The National School Boards Assn. urged schools Wednesday to take a more active role in identifying alcohol and drug abusers and in developing programs to help those students.
In a 60-page report, the association suggested that schools designate at least one person--such as the school nurse or a specially hired drug counselor--to serve as an adviser and liaison among students, teachers, parents and outside treatment programs.
It also recommended that schools develop policies on substance abuse and teach students, beginning in kindergarten, about the effects of drugs and alcohol and how to avoid peer pressure to use them.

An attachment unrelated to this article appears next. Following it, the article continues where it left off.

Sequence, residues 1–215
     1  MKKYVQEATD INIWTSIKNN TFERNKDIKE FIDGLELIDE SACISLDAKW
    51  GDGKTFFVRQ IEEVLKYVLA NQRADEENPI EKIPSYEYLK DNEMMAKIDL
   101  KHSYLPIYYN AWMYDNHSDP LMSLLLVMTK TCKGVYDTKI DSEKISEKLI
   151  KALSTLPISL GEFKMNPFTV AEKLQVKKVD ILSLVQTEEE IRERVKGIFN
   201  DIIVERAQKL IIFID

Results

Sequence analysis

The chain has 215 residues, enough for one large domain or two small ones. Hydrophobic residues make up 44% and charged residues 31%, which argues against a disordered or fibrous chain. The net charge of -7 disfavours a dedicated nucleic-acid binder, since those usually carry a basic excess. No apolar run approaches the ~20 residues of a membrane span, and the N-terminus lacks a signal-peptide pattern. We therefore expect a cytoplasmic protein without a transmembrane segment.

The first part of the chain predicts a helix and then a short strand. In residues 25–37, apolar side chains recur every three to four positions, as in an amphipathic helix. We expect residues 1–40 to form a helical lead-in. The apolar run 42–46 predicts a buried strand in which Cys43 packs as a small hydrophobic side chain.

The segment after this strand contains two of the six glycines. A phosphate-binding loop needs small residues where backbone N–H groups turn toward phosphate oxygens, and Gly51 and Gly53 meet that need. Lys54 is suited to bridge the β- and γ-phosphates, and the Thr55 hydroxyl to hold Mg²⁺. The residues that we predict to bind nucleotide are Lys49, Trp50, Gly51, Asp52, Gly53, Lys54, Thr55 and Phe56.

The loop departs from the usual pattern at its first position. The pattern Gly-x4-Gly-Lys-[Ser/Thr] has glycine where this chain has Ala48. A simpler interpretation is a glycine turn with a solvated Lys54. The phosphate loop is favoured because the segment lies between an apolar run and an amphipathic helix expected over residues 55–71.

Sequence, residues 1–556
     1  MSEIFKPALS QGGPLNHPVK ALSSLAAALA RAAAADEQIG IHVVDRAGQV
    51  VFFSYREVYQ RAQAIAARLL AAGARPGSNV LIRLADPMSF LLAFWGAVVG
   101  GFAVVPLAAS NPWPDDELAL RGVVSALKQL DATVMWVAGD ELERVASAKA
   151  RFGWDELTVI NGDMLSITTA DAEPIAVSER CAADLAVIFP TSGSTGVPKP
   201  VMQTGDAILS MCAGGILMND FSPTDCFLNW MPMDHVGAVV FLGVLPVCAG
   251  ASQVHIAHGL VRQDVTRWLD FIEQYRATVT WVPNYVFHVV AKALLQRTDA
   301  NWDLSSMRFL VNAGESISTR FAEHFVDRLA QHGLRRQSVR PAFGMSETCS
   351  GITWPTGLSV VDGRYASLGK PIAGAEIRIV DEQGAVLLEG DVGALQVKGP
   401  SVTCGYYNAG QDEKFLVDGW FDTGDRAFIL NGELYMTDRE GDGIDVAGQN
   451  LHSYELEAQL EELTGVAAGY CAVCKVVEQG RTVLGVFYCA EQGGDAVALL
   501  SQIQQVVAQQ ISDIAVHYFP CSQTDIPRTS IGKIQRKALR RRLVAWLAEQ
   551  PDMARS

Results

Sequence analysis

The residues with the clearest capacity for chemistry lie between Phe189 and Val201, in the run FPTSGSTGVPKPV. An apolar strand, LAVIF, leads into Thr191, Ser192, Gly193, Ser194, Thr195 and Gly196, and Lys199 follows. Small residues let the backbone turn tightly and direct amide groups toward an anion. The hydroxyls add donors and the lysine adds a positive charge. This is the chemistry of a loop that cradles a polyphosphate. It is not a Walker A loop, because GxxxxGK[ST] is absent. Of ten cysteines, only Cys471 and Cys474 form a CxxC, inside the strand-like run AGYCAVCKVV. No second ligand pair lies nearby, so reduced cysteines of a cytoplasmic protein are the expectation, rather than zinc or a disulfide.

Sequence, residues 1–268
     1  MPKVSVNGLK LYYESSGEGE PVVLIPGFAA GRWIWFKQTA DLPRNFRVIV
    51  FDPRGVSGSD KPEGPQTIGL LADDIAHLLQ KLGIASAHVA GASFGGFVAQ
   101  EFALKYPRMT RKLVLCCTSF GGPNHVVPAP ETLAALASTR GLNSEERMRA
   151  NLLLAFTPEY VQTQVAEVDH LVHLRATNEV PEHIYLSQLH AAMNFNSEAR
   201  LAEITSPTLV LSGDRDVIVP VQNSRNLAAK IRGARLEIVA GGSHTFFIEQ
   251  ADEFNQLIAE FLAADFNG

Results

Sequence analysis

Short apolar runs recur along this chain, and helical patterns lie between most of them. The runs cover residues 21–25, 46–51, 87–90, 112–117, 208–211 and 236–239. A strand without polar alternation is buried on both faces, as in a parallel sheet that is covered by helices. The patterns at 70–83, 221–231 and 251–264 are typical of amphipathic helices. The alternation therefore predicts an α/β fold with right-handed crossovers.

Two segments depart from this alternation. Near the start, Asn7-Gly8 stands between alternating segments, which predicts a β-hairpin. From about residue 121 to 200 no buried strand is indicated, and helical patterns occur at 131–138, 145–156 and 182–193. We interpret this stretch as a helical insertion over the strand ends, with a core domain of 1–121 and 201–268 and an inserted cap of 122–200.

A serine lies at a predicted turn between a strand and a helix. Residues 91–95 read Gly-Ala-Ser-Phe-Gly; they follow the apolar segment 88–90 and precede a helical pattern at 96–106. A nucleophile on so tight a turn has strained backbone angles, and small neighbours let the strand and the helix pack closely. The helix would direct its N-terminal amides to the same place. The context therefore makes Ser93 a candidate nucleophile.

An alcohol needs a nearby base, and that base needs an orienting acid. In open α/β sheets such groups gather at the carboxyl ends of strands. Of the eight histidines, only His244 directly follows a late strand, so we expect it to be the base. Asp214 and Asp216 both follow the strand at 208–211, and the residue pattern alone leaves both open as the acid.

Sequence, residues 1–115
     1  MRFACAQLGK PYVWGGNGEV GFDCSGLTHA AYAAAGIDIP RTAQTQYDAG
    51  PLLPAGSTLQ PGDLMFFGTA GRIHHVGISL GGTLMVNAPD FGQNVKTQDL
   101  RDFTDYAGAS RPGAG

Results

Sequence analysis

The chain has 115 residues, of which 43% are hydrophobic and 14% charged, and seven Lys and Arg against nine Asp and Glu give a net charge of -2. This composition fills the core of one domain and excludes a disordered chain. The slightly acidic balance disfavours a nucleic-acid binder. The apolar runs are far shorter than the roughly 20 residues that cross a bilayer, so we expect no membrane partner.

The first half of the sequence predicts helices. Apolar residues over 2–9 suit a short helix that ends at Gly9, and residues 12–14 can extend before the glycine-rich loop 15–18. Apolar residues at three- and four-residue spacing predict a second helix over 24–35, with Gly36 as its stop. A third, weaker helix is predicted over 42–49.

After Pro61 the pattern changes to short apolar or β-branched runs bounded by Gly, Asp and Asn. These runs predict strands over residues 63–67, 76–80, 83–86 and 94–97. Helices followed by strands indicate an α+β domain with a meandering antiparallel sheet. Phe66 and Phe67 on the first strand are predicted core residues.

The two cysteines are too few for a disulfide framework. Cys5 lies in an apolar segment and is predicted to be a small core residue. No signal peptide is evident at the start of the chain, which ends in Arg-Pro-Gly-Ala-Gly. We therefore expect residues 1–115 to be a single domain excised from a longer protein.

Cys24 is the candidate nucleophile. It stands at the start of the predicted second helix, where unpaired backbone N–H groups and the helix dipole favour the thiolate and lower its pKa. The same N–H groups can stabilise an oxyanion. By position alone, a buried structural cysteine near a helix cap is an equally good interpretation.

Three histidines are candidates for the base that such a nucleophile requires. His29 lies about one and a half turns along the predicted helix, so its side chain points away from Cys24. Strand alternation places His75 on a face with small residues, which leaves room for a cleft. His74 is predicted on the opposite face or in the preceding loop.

The association said education programs should start with simple explanations in early grades and get more detailed in later grades.
"While this problem of drug and alcohol abuse shouldn't be imposed on school systems--schools weren't created to deal with social problems--this problem does affect education," association President Leonard Rovins said.
Rovins said substance abuse can affect students' ability to learn and can cause problems ranging from chronic truancy and falling grades to family violence and suicide.